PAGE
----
The Secret Chicken

stories of a secret chicken

Holanda, Holanda

May10

The entire purpose of this post is to show you a ridiculous video of my chickens eating a popsicle.

Yeah, that’s it. Nothing else.

Oh and the sounds you are hearing are a combination of the music on my MP3 player, the chickens hootling, traffic on the road going by our house, and an occasional exclamation or giggle from myself (the exclamation being from when one of them nibbled my toe off-camera).

Gorgeous Shiny Chicken Machine!

April18

No, not this one. My sister sent me this picture from when she went to the Emu-Z-Um this month.

It would be a great addition to my household, I think. I could put one in the front yard – think of the money I’d make!

Meet the Young Ladies

April15

Yesterday, I brought home a roll of chicken wire and used a couple of pallets to build a more secure enclosure for the girls to hang out in while they get used to being outside.

Since the enclosure is attached to the coop, I wanted to make sure that the older ladies would be ok with them – I’ve heard that flock integration can be a bitch at times.  I’ve been taking the younger ones out in a cage and spreading scratch, giving them all a chance to eat together without the danger of being physically in the same space, so I was pretty sure it’d be ok.  But you never can tell.

I decided to put all of them into the garden enclosure and spread some scratch, to make sure no one got picked on if they were together.  This video is some of what happened.

Yeah, just a little goofy. But they seemed to be getting along pretty well, so I left them out there last night.

I’d put a large dog house with bedding in the enclosure, but outside of the main coop, with their food and water dishes and the heat lamp. This morning, all seemed fine. The older chickens did exactly what I expected – ate the little one’s food. Otherwise, the younger girls stayed close to the enclosure while the older ladies roamed the yard.

So, Stage One Integration complete. Eventually, I’m hoping the younger ones will move into the coop itself, and we’ll no longer need the outer enclosure or dog house.

And hopefully, they’ll figure out what to do with worms.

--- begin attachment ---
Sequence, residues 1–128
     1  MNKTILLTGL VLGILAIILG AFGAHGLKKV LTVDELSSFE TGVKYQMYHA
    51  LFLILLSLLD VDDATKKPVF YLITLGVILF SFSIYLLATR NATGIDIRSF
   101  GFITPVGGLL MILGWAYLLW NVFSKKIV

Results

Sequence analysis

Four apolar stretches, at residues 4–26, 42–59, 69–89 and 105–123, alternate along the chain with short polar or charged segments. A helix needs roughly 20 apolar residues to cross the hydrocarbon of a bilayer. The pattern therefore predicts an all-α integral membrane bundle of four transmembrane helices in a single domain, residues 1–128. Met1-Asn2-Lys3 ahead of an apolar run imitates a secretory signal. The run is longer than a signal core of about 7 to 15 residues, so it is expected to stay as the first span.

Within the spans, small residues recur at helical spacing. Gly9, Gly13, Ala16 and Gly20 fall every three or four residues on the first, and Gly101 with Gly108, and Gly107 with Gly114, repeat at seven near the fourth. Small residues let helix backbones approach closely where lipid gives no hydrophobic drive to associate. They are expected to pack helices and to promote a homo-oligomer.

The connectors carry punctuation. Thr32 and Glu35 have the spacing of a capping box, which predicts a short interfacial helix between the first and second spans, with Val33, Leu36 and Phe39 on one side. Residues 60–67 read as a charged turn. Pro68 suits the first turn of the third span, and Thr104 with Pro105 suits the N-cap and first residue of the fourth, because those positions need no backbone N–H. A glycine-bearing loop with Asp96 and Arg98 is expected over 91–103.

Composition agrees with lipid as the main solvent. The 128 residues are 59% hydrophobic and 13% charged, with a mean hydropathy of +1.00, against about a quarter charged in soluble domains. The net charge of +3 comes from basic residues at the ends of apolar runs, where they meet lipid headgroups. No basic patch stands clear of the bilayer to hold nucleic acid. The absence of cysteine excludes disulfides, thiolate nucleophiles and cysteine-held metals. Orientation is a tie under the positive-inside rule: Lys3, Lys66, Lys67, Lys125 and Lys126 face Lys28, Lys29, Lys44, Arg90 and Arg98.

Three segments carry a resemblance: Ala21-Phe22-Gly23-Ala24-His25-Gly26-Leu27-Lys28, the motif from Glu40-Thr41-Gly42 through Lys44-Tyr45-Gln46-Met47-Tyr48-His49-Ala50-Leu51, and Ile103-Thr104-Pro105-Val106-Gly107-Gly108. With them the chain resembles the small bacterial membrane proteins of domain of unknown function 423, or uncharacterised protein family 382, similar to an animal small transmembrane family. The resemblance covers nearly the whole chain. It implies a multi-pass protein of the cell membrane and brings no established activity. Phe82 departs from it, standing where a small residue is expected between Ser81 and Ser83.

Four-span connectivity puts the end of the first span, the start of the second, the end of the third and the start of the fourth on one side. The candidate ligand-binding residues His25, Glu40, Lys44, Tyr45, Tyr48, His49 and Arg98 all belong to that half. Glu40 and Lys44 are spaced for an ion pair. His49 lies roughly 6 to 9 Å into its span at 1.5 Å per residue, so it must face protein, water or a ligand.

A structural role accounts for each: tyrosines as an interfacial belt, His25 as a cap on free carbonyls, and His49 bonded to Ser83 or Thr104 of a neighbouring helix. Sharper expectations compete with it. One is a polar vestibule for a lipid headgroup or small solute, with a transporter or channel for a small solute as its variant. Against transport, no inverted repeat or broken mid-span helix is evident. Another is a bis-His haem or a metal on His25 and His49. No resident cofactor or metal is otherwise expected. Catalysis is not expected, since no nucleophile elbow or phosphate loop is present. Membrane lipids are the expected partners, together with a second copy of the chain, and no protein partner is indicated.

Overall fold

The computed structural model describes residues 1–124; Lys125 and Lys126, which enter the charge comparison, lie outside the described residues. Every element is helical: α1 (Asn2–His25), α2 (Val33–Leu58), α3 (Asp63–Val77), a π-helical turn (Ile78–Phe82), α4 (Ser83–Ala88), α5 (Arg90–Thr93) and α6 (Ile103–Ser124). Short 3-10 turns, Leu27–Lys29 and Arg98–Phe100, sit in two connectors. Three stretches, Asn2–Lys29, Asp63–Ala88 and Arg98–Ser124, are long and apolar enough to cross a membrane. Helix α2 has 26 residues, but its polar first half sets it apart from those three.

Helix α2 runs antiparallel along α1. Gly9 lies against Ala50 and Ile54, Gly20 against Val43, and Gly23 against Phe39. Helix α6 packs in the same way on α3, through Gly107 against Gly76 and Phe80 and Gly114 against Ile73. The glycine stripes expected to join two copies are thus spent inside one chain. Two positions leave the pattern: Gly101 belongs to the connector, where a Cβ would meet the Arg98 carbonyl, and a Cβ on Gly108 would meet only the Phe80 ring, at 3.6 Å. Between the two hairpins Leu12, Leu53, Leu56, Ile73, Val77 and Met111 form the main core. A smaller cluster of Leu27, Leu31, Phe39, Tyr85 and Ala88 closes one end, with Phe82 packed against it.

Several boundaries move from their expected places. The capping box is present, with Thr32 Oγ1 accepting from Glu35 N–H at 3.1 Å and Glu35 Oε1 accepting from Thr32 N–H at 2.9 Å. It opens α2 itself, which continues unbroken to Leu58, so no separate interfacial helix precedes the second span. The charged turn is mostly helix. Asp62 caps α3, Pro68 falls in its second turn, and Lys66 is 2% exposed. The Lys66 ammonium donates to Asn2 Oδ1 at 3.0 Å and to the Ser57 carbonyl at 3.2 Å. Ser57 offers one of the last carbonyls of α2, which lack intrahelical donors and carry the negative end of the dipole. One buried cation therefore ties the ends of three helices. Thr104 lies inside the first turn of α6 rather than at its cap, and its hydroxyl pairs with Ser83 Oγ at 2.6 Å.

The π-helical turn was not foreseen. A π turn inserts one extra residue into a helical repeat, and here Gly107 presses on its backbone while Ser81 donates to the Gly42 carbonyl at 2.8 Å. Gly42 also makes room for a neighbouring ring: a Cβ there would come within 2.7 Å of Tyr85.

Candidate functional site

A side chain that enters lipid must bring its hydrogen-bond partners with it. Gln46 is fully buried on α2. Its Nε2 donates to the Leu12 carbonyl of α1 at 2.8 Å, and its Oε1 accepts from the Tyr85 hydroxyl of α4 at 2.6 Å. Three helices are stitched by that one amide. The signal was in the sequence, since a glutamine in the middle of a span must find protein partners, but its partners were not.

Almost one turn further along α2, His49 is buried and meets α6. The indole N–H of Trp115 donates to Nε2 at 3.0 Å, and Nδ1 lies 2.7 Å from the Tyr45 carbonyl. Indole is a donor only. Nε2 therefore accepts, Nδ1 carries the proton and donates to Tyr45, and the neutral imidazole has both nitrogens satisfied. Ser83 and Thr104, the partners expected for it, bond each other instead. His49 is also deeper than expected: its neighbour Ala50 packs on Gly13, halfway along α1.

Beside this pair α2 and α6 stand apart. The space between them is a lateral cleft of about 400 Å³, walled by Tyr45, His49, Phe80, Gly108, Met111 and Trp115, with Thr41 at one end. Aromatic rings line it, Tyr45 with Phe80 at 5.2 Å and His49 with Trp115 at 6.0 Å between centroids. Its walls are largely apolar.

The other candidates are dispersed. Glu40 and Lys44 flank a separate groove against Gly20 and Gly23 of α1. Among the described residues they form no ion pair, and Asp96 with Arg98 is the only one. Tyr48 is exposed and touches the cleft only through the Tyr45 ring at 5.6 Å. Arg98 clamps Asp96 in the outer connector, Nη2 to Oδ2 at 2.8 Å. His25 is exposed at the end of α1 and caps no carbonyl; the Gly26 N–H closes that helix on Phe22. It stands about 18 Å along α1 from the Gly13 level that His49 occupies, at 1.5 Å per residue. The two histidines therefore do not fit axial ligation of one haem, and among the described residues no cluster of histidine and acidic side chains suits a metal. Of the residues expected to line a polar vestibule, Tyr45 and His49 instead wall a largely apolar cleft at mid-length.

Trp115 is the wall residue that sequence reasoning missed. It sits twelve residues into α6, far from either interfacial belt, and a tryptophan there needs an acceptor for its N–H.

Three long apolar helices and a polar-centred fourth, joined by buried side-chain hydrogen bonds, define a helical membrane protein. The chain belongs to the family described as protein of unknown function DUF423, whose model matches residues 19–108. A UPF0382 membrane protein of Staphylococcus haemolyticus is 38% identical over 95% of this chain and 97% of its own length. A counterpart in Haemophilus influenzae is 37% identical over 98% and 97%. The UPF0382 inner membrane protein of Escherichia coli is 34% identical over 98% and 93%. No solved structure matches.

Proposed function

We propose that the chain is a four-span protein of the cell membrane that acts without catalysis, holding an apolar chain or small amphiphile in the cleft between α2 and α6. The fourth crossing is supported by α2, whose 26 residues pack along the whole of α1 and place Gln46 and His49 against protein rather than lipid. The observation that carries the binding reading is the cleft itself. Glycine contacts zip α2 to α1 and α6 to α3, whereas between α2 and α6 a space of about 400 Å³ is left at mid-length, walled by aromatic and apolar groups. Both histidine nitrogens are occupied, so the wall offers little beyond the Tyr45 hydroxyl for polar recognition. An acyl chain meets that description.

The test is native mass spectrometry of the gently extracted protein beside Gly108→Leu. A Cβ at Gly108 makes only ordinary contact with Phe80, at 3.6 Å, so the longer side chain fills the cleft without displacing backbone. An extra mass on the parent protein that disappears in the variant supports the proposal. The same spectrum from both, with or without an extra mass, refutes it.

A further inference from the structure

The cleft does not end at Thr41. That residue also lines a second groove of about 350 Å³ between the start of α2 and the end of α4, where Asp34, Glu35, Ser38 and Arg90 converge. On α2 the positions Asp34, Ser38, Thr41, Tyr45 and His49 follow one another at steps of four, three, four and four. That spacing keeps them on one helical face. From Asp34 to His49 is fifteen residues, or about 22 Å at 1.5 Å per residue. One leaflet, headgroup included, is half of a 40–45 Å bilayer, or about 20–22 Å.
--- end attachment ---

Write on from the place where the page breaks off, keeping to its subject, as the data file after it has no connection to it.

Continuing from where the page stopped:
Herd of Chickens?

April4

Well, of course I’ve heard of chickens!

A herd of chickens, complete with chicken-herding cat.

Spring, when a girl’s fancy turns to…chickens.

April1

Over the winter, I got pretty lax with the whole posting thing.  But Things Did Happen.  We got snow, which the ladies didn’t like at all.  I’d love to show you photographic proof of this, but it would be a pristine snowy yard, with nary a footprint in site.  They refused to come out of their covered area.  In fact, they weren’t too keen on coming out of the coop until I brought them treats.

The "Club House" sign is in front of where the ladies are hiding out.

I did give in and put up some interior lights in the ladies coop, which did indeed jump-start the egg production.  Not-Henery was concerned, at first.  But I think that the choice of rope lights made it less intrusive and less of a jarring, sudden light when they come on.  I put them on a timer, so they turn on around 6ayem and go off around 7:30pm.   In the evening, when they go in and the lights are on, it looks like they’re having a little chicken party when you look through the window.

In other news, my mother made a decision to move to Eastern Oregon, and to take a small flock with her.  She had me house 12 barred rock and 2 bantams for her until she moved.

Of course…I had to get a couple for myself.  I ended up getting two Black Stars (aka black sex-link) and two black turkens.  I think that I will only be keeping one of each, the other two will hopefully be going home with a friend who is starting her own Adventure in Chickening.  This is good – I really thing 10 is pushing the boundaries of good sense.

We do already have names for the new ones – a tribute to Soul Eater.  Black Star and Tsubaki.  As such:

I’m going to have to do some modifications to the coop to allow for the additional ladies, but I’ve got a several weeks before that becomes and issue.  Good thing, it’s nothing but mud back there right now.

The ladies have done a great job keeping the garden area free of weeds and well fertilized over the winter and this early spring.  Hopefully I’ll be able to return the favor later in the year, in the form of tomatoes.

I suppose that’s about it for now. When the weather is better, I intend to get some great video of the new chickens learning about grass and sunshine. Can’t wait.

Baby, it’s cold outside!

October25

It’s just over 52°F right now, according to Weather Underground.  Cold.  I’ve yet to break down and turn the heat on inside, but I do feel sorry for the poor nekkid chickens out back.

Turken, molting

Turken started out with a naked neck, but now…she’s pretty ridiculous looking.  In fact, Houdini and Sprinkles went through awkward molts this year as well.  Not-Henery just magically changed from old feathers to new, gradually.  No sign of molt yet for Henery or Buttercup.  In fact, Buttercup is the only one still laying eggs.  It’s really too bad, since bartering with eggs is how I get my front yard leaves taken care of…